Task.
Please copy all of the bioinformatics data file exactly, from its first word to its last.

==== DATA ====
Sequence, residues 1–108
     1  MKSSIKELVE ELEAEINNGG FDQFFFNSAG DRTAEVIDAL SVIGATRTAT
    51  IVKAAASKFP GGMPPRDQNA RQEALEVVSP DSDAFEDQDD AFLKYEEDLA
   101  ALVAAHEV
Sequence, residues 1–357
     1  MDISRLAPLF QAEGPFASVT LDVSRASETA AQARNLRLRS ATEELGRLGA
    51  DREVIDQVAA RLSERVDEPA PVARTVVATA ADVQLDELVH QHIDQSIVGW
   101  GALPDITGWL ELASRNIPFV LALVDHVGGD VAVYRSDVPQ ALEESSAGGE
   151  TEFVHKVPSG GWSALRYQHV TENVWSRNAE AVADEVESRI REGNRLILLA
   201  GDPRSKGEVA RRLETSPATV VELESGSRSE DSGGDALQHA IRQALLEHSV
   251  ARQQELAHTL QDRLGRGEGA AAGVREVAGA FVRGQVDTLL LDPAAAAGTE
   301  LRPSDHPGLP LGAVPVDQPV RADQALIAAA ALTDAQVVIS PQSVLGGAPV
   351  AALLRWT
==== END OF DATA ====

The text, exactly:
Sequence, residues 1–108
     1  MKSSIKELVE ELEAEINNGG FDQFFFNSAG DRTAEVIDAL SVIGATRTAT
    51  IVKAAASKFP GGMPPRDQNA RQEALEVVSP DSDAFEDQDD AFLKYEEDLA
   101  ALVAAHEV
Sequence, residues 1–357
     1  MDISRLAPLF QAEGPFASVT LDVSRASETA AQARNLRLRS ATEELGRLGA
    51  DREVIDQVAA RLSERVDEPA PVARTVVATA ADVQLDELVH QHIDQSIVGW
   101  GALPDITGWL ELASRNIPFV LALVDHVGGD VAVYRSDVPQ ALEESSAGGE
   151  TEFVHKVPSG GWSALRYQHV TENVWSRNAE AVADEVESRI REGNRLILLA
   201  GDPRSKGEVA RRLETSPATV VELESGSRSE DSGGDALQHA IRQALLEHSV
   251  ARQQELAHTL QDRLGRGEGA AAGVREVAGA FVRGQVDTLL LDPAAAAGTE
   301  LRPSDHPGLP LGAVPVDQPV RADQALIAAA ALTDAQVVIS PQSVLGGAPV
   351  AALLRWT